May 28, 2005


Health Leaders Seek Consensus Over Uninsured (ROBERT PEAR, 5/29/05, NY Times)

At a time when Congress has been torn by partisan battles, 24 ideologically disparate leaders representing the health care industry, corporations and unions, and conservative and liberal groups have been meeting secretly for months to seek a consensus on proposals to provide coverage for the growing number of people with no health insurance.

The participants, ranging from the liberal Families USA to the conservative Heritage Foundation and the United States Chamber of Commerce, said they had made progress in trying to overcome the ideological impasse that has stymied action on the problem for eight years.

The group, which first came together last October, has not endorsed any specific plan, but has discussed a range of options, including tax incentives for the purchase of insurance, changes in Medicaid to cover more low-income adults and the creation of insurance purchasing pools at the state level.

"This effort holds as much promise as any I've participated in over the last decade, probably more," said Kate Sullivan Hare, the executive director of health care policy at the United States Chamber of Commerce. [...]

The group's overarching goal is to agree, by the end of this year, on proposals that expand coverage to as many people as possible as quickly as possible. By meeting in secret, the group has tried to shield itself from political pressures. Some of the proposals under discussion could lead to increases in federal spending or regulation, at a time when the government already faces large deficits and Republicans generally oppose further expansion of government.

Though federal policymakers talk little about the issue these days, the problems of the uninsured have been gaining urgency among people who provide and pay for health care, including employers.

Increasingly, business executives say, health care costs hurt the global competitiveness of American companies. "This is a crisis," General Motors said in its latest annual report, noting that its health costs - $5.2 billion last year - had "a tremendous impact" on its profitability. [...]

The group is considering these options:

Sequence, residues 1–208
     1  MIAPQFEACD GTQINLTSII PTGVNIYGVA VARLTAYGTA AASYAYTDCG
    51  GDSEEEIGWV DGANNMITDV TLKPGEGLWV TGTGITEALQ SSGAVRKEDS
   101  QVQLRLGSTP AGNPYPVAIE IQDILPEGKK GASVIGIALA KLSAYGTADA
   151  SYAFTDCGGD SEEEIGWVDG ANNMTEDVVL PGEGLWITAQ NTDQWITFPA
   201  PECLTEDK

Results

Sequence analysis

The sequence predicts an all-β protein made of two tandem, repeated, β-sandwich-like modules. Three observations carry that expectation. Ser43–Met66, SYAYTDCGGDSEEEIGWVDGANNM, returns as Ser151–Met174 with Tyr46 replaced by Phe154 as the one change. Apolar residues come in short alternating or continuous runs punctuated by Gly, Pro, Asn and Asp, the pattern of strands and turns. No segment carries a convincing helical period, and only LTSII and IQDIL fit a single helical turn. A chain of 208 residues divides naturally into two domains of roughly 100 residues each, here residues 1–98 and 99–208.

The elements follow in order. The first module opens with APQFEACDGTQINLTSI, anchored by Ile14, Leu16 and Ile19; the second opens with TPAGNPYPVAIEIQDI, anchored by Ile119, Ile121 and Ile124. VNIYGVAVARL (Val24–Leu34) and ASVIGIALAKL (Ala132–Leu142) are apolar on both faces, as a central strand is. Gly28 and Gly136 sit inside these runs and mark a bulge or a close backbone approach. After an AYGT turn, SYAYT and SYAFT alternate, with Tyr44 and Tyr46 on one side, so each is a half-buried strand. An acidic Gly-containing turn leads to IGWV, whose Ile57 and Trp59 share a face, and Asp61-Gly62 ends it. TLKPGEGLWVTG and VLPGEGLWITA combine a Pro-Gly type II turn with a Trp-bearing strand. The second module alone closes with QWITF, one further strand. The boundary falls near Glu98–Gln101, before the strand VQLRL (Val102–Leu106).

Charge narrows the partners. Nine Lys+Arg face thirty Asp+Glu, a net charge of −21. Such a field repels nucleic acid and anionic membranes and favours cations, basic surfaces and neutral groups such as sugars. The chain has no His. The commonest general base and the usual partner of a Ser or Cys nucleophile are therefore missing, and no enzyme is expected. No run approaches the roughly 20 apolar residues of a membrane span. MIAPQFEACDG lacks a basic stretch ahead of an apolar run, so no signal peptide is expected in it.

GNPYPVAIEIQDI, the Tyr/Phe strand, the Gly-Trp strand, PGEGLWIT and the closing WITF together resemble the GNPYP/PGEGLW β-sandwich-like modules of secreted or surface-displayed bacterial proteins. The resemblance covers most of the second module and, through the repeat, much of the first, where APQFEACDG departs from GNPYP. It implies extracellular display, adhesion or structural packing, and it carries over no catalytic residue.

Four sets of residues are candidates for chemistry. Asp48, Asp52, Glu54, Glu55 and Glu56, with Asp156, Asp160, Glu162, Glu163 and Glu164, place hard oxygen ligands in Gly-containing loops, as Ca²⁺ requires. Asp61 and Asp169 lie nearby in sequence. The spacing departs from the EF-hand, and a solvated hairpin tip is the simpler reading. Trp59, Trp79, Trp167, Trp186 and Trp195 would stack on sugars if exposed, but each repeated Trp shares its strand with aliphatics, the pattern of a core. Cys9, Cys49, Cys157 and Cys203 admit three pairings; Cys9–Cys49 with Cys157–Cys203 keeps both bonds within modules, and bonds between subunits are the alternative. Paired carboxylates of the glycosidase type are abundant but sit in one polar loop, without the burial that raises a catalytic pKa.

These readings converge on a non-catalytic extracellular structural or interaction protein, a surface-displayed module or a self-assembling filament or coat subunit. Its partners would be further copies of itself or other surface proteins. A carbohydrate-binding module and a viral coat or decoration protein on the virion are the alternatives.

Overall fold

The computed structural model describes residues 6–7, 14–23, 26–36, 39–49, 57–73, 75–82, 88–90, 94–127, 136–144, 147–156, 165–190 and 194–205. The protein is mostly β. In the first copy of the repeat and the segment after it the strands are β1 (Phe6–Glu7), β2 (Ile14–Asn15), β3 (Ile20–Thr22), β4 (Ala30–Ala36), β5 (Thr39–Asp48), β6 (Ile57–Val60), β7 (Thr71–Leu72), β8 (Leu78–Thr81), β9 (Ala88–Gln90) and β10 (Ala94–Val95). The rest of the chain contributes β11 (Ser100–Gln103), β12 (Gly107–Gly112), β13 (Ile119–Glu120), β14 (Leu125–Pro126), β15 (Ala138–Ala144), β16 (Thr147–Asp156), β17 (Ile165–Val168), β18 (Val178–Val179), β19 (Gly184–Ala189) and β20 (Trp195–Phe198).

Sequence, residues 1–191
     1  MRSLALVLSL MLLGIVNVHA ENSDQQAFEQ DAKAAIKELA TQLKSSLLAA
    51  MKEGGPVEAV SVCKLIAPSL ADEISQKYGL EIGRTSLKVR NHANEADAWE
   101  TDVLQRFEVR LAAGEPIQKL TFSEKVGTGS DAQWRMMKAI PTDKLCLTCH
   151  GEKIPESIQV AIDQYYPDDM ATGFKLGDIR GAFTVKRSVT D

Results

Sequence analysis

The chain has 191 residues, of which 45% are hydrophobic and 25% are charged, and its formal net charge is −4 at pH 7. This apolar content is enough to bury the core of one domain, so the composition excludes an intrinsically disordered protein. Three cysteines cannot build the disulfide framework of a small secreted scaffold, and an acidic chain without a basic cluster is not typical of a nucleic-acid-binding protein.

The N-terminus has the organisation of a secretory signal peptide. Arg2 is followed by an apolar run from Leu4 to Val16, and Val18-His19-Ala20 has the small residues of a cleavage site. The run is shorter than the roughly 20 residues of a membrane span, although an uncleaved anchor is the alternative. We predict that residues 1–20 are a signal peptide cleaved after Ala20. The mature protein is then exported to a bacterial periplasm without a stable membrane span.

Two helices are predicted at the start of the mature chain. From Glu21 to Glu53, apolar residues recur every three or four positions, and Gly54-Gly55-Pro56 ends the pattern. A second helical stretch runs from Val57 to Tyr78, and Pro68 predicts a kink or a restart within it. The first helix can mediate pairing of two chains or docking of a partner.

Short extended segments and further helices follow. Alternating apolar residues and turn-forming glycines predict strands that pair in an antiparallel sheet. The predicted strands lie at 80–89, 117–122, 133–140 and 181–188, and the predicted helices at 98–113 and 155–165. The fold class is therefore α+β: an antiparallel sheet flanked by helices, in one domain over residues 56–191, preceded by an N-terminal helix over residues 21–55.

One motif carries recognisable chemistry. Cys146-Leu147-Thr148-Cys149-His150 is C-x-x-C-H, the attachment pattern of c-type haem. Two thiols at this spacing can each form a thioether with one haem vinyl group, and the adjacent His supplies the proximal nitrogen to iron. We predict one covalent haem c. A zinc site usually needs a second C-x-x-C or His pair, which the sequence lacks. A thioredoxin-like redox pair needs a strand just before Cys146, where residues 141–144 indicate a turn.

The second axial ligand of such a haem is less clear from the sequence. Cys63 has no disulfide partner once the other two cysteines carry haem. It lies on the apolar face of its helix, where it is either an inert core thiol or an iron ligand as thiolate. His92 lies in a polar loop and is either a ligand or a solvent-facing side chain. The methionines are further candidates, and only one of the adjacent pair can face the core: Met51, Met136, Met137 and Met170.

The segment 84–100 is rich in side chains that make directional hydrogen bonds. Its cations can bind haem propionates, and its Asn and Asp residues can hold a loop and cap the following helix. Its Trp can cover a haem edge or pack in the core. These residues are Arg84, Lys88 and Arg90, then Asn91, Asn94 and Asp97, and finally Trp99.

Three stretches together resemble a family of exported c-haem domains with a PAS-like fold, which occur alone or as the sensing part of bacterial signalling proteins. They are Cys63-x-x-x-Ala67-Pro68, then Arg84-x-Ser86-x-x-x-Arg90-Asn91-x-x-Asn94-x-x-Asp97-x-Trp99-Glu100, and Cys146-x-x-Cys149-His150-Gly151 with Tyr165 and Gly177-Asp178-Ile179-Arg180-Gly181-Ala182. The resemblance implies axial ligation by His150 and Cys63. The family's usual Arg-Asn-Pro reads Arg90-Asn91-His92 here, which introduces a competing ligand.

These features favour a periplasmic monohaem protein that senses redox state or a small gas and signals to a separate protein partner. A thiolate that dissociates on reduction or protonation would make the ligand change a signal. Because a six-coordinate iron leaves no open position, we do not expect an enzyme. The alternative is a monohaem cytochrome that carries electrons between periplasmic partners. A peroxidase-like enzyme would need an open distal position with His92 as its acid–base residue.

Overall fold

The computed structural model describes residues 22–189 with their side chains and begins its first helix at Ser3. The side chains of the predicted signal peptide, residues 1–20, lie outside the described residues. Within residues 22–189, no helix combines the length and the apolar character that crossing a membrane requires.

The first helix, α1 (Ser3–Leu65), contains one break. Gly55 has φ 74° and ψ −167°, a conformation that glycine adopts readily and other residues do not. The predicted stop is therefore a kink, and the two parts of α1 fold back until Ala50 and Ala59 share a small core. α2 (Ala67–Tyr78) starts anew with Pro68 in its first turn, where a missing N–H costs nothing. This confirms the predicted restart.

¶The federal government could require parents to arrange health insurance for their children up to a certain age, say 21. If the children were not eligible for public programs like Medicaid, the parents could obtain tax credits to help meet the cost.

¶If an employer does not offer health benefits to employees, the workers could designate amounts to be withheld from their paychecks, along with taxes. These amounts would eventually be forwarded to insurers to pay premiums.

¶The federal government could provide tax credits to low-income individuals and families or small businesses to help them pay for insurance. The full amount of the credit would be sent directly to the insurer.

¶Medicaid could be expanded to cover any adult with income below the official poverty level (about $9,600 for an individual). Each state would decide for itself whether to do this, and the federal government would provide financial incentives for states to take the option.

¶The federal government would offer small grants to states to help them establish insurance purchasing pools. Individuals and small businesses could buy coverage through these pools.

Asked what had prompted the initiative, Stuart M. Butler, the vice president of the Heritage Foundation, said: "It's a coalition built of frustration. True believers on the left and the right have been stymied on this issue."

If they can come up with some reasonably balanced proposals they provide both parties all kinds of cover to do some stuff their bases won't necessarily like.

Posted by Orrin Judd at May 28, 2005 4:24 PM

--The federal government could require parents to arrange health insurance for their children up to a certain age, say 21. If the children were not eligible for public programs like Medicaid, the parents could obtain tax credits to help meet the cost.--

The 19-21 y.o. college student:

Many of the uninsured are in fact college students, who either rely on their parents, or are covered under their parents' policies, read here. One estimate suggests that one out of seven college students lacks insurance, but it is hard to believe that most of these people have no other resources supporting them.

Via Marginal Revolution from 2003.

Posted by: Sandy P. at May 28, 2005 5:24 PM

We're going to need something if we want to keep providing services at the same level of care and quality.

We could easily slash U.S. health care expenditures in half, if we wanted to go back to a 1950s level of care.

Posted by: Michael Herdegen at May 29, 2005 1:12 AM

We've plenty of money, but it makes no sense to waste it on unneeded medical expenses. Paying out of your own pocket would get rid of most of the problem.

Posted by: oj at May 29, 2005 1:37 AM